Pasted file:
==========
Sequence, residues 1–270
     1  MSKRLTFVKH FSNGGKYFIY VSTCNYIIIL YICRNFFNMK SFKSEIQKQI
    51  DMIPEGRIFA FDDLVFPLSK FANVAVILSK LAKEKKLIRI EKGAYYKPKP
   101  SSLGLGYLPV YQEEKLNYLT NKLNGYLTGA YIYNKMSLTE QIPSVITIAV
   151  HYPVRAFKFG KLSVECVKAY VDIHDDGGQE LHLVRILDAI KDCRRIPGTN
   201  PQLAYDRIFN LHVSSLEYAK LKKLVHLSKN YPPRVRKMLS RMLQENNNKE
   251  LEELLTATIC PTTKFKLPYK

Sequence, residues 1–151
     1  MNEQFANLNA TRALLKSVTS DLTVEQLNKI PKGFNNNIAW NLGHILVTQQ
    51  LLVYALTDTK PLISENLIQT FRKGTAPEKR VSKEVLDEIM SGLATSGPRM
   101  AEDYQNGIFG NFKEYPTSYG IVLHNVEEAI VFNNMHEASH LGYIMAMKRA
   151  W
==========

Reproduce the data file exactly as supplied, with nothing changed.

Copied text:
Sequence, residues 1–270
     1  MSKRLTFVKH FSNGGKYFIY VSTCNYIIIL YICRNFFNMK SFKSEIQKQI
    51  DMIPEGRIFA FDDLVFPLSK FANVAVILSK LAKEKKLIRI EKGAYYKPKP
   101  SSLGLGYLPV YQEEKLNYLT NKLNGYLTGA YIYNKMSLTE QIPSVITIAV
   151  HYPVRAFKFG KLSVECVKAY VDIHDDGGQE LHLVRILDAI KDCRRIPGTN
   201  PQLAYDRIFN LHVSSLEYAK LKKLVHLSKN YPPRVRKMLS RMLQENNNKE
   251  LEELLTATIC PTTKFKLPYK

Sequence, residues 1–151
     1  MNEQFANLNA TRALLKSVTS DLTVEQLNKI PKGFNNNIAW NLGHILVTQQ
    51  LLVYALTDTK PLISENLIQT FRKGTAPEKR VSKEVLDEIM SGLATSGPRM
   101  AEDYQNGIFG NFKEYPTSYG IVLHNVEEAI VFNNMHEASH LGYIMAMKRA
   151  W